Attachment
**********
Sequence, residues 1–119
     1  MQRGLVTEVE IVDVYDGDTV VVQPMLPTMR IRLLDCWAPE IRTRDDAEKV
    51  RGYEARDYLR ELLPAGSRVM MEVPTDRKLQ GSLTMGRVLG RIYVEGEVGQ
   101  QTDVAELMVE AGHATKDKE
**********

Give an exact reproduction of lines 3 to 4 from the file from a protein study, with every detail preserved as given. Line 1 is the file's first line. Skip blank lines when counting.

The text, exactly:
    51  RGYEARDYLR ELLPAGSRVM MEVPTDRKLQ GSLTMGRVLG RIYVEGEVGQ
   101  QTDVAELMVE AGHATKDKE